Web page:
A new Renaissance 2010 school for the Austin High School campus opening this fall has recruited 145 freshmen for careers in manufacturing.
Officials of the Austin Polytechnical Academy said the school is designed to revitalize the Austin community by preparing students for highly-skilled manufacturing jobs, as well as drawing manufacturing companies back into the Austin.
The school is the second of three Ren 2010 schools to open on the Austin school campus.
The Polytechnical Academy, a performance school, will join the Austin Business and Entrepreneurship Academy, a contract school that opened last fall, at 231 N. Pine. A third school has yet to open there.
Polytechnical Academy officials said their school will incorporate hands-on manufacturing experience into the traditional high school curriculum.
Usually, kids are groomed to leave the community to go to college and to find jobs, said Dan Swinney, executive director of the Chicago Manufacturing Renaissance Council (CMRC), one of the school’s founding organizations.
“The purpose of this school is to develop and rebuild the Austin community,” Swinney said.
The transition from the original high school to several small schools is part of the Renaissance 2010 plan to replace under performing elementary and high schools in the city with new, smaller schools by the year 2010. Nearly half of the proposed 100 new smaller schools has opened across the city.
The Austin Polytechnical Academy is the brainchild of Swinney.
A 2001 study conducted by his labor group showed that there are high-skilled, good-paying jobs in Chicago that are going unfilled because “there aren’t enough qualified applicants,” Swinney said.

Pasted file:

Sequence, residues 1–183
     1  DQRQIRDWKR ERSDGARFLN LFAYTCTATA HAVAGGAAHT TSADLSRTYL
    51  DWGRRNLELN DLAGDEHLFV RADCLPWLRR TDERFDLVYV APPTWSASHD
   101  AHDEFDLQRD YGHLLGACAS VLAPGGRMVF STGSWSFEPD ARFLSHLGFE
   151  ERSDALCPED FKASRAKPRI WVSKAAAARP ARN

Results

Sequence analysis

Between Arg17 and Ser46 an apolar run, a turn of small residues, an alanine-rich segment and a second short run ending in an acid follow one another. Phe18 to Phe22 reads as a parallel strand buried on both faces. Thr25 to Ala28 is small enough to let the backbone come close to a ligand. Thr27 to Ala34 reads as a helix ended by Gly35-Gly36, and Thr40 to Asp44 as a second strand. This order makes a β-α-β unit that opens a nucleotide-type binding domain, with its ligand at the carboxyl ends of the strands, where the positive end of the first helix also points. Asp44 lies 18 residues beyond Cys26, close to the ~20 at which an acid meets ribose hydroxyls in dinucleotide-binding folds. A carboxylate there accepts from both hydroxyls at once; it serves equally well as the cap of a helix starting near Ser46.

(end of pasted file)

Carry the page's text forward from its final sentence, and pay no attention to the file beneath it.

After he met with Arne Duncan, CEO of Chicago Public Schools to talk about the schools’ role in filling the gap, Swinney’s organization applied to open a Renaissance 2010 performance school, which are CPS-run schools.
Swinney said Austin Polytechnical is unique nationally because it focuses on careers in manufacturing, while simultaneously preparing students for college.
“This is not a traditional vocational school by any means,” Swinney insists. “These are not menial factory assembly line jobs. We are preparing kids to go into advanced, highly skilled production positions and management.”
The curriculum, he said, will meet state standards for a high school education coupled with Project Lead the Way, a nationally recognized pre-engineer curriculum.
The first freshmen class has been recruited with 145 slated to attend in the fall, said Bill Gerstein, principal of Austin Polytechnical Academy.
Students are accepted on a first-come, first-serve basis. No test scores are required to apply, said Gerstein.
The school recruited students from the Austin community, and has partnerships with 24 manufacturing companies that are expected to provide internship opportunities and summer jobs for students.
The program will introduce students to local companies through field trips and guest speakers, said Ray Prendergast, executive director of Jane Addams Resource Corporation.
“We hope to have paid internships for students in their junior and senior years at local manufacturing companies,” Prendergast said.
John Winzeler, president of Winzeler Gear, one of the company partners, said it is important for the school to find people that really want to work in manufacturing.
“We are involved in several aspects of the school through mentoring and meeting with students,” Winzeler said. “We will be providing job shadowing as well as advising faculty on curriculums.”
Charter: Independently operated public schools that have freedom from many state laws. Teachers and staff are employees of the nonprofit organization that governs the school.
Performance: CPS-run schools with freedom from and flexibility on many district initiatives and policies, but not state school laws. Teachers and staff are employees of CPS. Austin Polytechnical Academy is an example.
Contract: Managed by independent nonprofit organizations in accordance with a performance agreement between the organization and the Chicago Board of Education. They are free from many CPS policies and requirements, but are not free from state laws. Contract teachers and staff are employees of the nonprofit organization that governs the school. Austin Business and Entrepreneurship Academy is an example.